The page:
5 January 1996

Sales few and far between?

THE first quarter of the year, as usual, looks set to be a quiet time for dairy dispersals.

But Arthur Rowland of Kivells at Holsworthy says more dispersals this year will result from farmers selling up to take advantage of high land prices.

January to March, though, is a "notoriously quiet time", he says, adding that the prospects for dairystock prices over this period are good.

Although values nationally fell towards the end of last year, top-class stock remains in strong demand and continues to sell to a premium.

First-quality Friesians offered through markets were averaging about £825 at the end of 1995.

The new year follows a period of intense sale activity, with farmers keen to take advantage of firm quota prices.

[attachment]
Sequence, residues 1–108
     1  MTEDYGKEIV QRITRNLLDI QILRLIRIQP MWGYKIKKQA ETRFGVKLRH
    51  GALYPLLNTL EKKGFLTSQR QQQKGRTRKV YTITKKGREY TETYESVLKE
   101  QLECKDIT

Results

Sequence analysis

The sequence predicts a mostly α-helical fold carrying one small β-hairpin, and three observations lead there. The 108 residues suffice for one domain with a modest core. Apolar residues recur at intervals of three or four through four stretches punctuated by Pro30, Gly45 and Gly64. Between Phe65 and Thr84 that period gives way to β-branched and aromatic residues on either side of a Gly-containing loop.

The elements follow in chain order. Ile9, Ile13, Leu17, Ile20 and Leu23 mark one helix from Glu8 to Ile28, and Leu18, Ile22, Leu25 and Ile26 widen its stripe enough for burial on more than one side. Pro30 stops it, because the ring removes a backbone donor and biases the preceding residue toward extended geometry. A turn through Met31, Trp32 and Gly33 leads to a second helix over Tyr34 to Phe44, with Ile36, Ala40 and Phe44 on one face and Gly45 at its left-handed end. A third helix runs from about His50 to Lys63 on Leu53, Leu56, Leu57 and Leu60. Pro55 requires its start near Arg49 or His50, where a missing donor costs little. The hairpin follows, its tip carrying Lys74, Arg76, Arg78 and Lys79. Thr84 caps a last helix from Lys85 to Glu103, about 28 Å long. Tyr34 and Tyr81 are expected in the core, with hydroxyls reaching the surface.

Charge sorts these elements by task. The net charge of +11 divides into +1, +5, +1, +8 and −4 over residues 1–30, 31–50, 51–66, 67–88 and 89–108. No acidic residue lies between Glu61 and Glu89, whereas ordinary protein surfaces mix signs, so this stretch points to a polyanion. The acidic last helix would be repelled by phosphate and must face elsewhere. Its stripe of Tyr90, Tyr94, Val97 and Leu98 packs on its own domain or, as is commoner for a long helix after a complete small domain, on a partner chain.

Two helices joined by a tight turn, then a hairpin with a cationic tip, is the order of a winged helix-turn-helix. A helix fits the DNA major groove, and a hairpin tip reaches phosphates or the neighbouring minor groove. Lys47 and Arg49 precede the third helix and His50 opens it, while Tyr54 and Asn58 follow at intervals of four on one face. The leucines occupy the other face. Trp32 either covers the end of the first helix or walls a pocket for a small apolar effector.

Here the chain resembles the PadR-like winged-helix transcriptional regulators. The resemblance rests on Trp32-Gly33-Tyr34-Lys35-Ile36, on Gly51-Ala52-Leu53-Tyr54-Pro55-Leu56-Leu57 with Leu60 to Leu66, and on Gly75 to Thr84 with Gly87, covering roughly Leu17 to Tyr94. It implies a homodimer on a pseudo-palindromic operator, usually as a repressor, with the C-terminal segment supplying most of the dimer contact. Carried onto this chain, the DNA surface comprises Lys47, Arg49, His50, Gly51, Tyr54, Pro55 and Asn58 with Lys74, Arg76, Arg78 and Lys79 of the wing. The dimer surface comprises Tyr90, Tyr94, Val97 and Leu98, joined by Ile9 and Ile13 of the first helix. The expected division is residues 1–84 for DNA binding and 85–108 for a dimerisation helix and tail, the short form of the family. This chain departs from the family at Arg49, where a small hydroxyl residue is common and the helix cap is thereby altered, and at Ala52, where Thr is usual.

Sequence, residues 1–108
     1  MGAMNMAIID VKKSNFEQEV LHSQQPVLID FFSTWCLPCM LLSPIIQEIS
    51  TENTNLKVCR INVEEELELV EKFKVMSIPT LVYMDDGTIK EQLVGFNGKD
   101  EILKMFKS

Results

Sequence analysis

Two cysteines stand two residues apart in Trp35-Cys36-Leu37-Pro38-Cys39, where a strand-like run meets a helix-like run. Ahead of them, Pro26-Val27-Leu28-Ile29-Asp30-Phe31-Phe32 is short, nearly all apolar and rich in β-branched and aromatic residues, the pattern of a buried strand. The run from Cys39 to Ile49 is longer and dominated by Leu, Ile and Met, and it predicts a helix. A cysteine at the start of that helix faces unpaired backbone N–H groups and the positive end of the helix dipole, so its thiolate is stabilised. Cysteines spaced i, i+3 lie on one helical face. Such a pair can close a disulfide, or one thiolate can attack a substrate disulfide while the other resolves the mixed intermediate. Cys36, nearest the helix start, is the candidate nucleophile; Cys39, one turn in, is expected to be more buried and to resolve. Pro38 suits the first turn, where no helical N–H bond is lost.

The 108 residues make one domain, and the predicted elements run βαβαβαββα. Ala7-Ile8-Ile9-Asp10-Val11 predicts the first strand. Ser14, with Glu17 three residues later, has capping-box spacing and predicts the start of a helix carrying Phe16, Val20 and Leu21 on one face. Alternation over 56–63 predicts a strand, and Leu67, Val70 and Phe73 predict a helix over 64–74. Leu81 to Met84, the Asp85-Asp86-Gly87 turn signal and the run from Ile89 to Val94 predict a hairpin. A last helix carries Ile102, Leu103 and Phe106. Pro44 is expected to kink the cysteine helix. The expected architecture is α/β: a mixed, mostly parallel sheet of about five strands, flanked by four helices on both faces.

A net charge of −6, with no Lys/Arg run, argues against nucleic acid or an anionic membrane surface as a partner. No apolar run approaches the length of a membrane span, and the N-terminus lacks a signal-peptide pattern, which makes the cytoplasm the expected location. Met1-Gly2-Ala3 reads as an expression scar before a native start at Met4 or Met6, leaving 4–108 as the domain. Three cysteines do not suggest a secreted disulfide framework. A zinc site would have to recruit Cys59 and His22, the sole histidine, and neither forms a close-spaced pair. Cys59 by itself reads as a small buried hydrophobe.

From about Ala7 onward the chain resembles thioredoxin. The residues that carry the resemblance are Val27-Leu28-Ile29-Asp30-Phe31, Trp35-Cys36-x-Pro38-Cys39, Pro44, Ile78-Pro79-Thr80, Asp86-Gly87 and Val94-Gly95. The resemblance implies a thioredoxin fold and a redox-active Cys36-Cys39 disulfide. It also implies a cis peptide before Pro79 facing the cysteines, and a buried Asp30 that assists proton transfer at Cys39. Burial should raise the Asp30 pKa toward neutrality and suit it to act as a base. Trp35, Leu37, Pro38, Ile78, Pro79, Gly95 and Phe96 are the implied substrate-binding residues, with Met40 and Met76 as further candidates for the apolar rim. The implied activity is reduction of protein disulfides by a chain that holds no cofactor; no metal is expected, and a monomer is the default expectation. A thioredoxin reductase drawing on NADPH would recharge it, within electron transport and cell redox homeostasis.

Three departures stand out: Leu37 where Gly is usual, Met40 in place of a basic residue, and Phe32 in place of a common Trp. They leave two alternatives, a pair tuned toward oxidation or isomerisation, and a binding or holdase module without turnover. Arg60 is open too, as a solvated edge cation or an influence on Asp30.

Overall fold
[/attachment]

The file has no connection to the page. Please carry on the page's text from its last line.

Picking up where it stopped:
Similarly, capital tax motives have been behind some sales in recent months.

Farmers, aware that a change of government is a possibility in the near future, may decide to make use of the concessions while they are still guaranteed, says David Lock, auctioneer at Yeovil market.

He agrees the new year will be a time of low sales combined with strong prices.

But Clive Norbury of Wright-Manley says he has more pedigree and commercial cow sales booked now than at the same time last year. "Traditionally, April to June is the busiest period," he says. "But the top end of the pedigree market will sell at any time of year." &#42